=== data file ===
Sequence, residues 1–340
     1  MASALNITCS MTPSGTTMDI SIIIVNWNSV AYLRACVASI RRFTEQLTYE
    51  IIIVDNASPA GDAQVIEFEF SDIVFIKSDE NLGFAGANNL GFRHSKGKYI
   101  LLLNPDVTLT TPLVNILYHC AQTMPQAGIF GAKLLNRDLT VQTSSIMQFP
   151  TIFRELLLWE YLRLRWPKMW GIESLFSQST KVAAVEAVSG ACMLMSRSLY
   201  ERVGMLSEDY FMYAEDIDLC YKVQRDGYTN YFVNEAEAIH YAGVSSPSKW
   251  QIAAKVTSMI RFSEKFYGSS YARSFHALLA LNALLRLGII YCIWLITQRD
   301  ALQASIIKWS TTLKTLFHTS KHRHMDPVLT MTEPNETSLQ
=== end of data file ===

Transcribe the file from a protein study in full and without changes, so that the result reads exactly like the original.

Sequence, residues 1–340
     1  MASALNITCS MTPSGTTMDI SIIIVNWNSV AYLRACVASI RRFTEQLTYE
    51  IIIVDNASPA GDAQVIEFEF SDIVFIKSDE NLGFAGANNL GFRHSKGKYI
   101  LLLNPDVTLT TPLVNILYHC AQTMPQAGIF GAKLLNRDLT VQTSSIMQFP
   151  TIFRELLLWE YLRLRWPKMW GIESLFSQST KVAAVEAVSG ACMLMSRSLY
   201  ERVGMLSEDY FMYAEDIDLC YKVQRDGYTN YFVNEAEAIH YAGVSSPSKW
   251  QIAAKVTSMI RFSEKFYGSS YARSFHALLA LNALLRLGII YCIWLITQRD
   301  ALQASIIKWS TTLKTLFHTS KHRHMDPVLT MTEPNETSLQ